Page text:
San Diego Ballet presents Panama 66: Art. Architecture. Jazz and Oh yes, Dance!

Filmed on location at the San Diego Museum of Art

San Diego Ballet’s resident composer Gilbert Castellanos’ world premiere composition MI TIERRA takes prominence in San Diego Ballet’s Artistic Director Javier Velasco’s new site specific ballet, PANAMA 66.

The film features dynamic dance performances inspired by the art and architecture of the Museum’s May S. Marcy Sculpture Court & Garden and the Panama 66 restaurant.

Available in early 2021.  Stay tuned for updates on how to gain access to the video and for the in-person viewing party to be announced as soon as we can gather again.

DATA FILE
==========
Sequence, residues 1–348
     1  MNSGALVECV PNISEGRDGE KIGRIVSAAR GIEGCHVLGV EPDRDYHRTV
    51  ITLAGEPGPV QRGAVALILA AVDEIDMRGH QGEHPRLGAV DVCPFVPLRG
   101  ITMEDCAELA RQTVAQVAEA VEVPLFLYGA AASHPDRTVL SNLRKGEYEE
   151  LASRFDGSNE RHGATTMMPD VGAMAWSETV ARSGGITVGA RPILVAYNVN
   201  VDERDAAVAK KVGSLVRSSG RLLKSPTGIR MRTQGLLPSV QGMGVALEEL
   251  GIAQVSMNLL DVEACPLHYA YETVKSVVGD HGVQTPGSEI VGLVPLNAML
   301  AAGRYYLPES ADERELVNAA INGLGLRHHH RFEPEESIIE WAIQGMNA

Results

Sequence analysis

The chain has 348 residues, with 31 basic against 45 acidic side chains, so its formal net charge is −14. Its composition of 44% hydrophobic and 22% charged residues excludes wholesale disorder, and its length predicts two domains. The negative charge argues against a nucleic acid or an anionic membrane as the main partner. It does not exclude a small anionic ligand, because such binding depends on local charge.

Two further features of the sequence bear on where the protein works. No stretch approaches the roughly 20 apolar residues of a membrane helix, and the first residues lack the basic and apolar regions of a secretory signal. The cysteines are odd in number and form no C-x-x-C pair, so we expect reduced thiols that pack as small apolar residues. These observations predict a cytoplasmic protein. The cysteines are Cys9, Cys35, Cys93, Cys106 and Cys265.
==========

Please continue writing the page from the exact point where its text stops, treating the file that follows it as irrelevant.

“This piece may seem like it is born of the moment, but it actually has roots stretching back years.” says Velasco. “Gilbert’s piece, MI TIERRA, which is a direct response to reconnecting with his city and the positive influences in his life was set to be the centerpiece of our last offering in our 19-20 season. As with everything else, it was put on hold due to the Covid situation. As we were looking at alternative programming venues for this season, the opportunity to partner with the San Diego Museum of Art presented itself. We have had some very successful collaborations with SDMA in that past, but they had been fairly small offerings. SDMA suggested that perhaps ballets based on works in their collections may be a good starting point, as I had choreographed a previous piece to their lovely ‘Maria at La Granja.’  On a site visit, we passed through the outdoor courtyard that houses their cafe, Panama 66, en route to the sculpture garden. It suddenly struck me that one of Gilbert’s MI TIERRA pieces was titled PANAMA 66, after the weekly performances he held at the site. Right then, I remembered that for years, I had often thought of the courtyard as being very presentational with an almost stage-like concrete bridge over a pool and its dramatic columns. At that moment the idea of creating dances to Gilbert’s music in this space which was his ‘home’ seemed very ‘right’ to me. It also seemed right to celebrate the very “San Diego” work of architect Robert Mosher, who was responsible for that other great bridge of ours, the Coronado. Site specific works are tricky. Being sensitive to the space, but also making sure that the dance is first and foremost. Getting the audience to believe that a dance was not just dropped into place, but that it actually sprung from the place. I hope we have achieved that. I think we have.” – Javier Velasco, Artistic Director SDB